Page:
CEDAR RAPIDS – Here’s the message Democrats are sending during as the presidential campaign heats up:
Iowans, especially the elderly, are increasingly “terrified” by suggestions from 2012 Republican presidential hopefuls that government spending, including entitlement programs, will be cut.
“It’s real fear. The fear is running rampant,” said Noreen Tonkin, a retired first responder who works with the elderly in Cedar Rapids.
She made her comments during what Rep. Tyler Olson, D-Cedar Rapids, and an early supporter of Barack Obama four years ago, called an “informal discussion of the extreme out-of-touch positions” of the Republicans seeking their party’s nomination for president.
“I kind of feel like we’re watching a tape of history,” Olson said, “because the solutions put out by the GOP candidates are the same tired solutions they’ve been pushing for past 10 years. They have no new answers.”
Tonkin said the fear of losing Social Security and Medicare is big among seniors. She objected to proposals to reduce entitlement spending.
“I don’t consider them an entitlement. I am entitled to them because I paid for them out of every paycheck all of my life,” Tonkin said. “I paid into them dearly for my entire working life with faith the money would be there.”
“These are social contracts,” Olson said. “To hear Republicans talk, you haven’t paid anything and we’re just handing out money.”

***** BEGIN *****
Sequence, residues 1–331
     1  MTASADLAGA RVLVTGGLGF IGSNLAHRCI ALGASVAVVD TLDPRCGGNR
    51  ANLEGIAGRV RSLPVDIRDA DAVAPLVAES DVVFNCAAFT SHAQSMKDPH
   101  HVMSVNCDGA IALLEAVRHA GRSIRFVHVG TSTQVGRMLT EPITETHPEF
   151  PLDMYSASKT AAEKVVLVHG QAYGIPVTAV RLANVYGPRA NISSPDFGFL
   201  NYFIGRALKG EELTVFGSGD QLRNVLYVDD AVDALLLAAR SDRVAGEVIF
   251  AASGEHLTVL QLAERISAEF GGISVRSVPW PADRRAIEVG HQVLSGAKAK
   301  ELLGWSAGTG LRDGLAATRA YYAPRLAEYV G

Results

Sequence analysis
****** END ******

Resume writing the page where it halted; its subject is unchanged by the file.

The event was billed as a round-table on the “disastrous GOP agenda in advance of the Aug. 11 GOP debate and Aug. 13 straw poll in Ames,” according to Iowa Democratic Party staffer Megan Jacobs. The party invited a panel of eight party members representing various groups who Democrats say could be impacted negatively by a GOP president to have a focused discussion to make clear to Iowans that the support the GOP budget plans – both the so-called Ryan plan and “cut, cap and balance” – would be disastrous for middle-class and low-income Iowans.
Coffee shop owner and former state legislator Art Staed praised business incentives, including allowing businesses to deduct up to 35 percent of the cost of providing health care coverage this year and 50 percent next year.
Although his business doesn’t make enough profit to offer employees health care coverage, Staed said a 100 percent deduction for replacing equipment such as his the espresso machine – “the bread-and-butter of our business” – was a real and direct help.
“Those are the kind of incentives the president has been looking at that would help business and create jobs,” said Staed, who again is running for a seat in the Iowa Legislature.
Educator Helane Golden said Republican plans to eliminate the Department of Education will be disastrous. Schools are underfunded now and cannot withstand deeper cuts, she said.
“It’s really naïve to think we can education without money,” she said. “That’s something a teacher with all the passion in the world can’t do.”
More funding is needed so schools aren’t trying to teach hungry children, class sizes can be reduced and families don’t have to buy school supplies.
“We just can’t do our jobs without proper support,” Golden said.
Andrea Nemecek, a Grinnell College sophomore and Cedar Rapids native who worked to help get Obama’s health care reforms passed, called GOP candidates’ plans to repeal the Affordable Care Act “shocking.”
Her family has benefited directly from changes, including no caps on benefits and no exclusions for pre-existing conditions, she said. As a college student, Nemecek is especially pleased with the provision that allows her to stay on her parents’ health insurance plan until she is 26.
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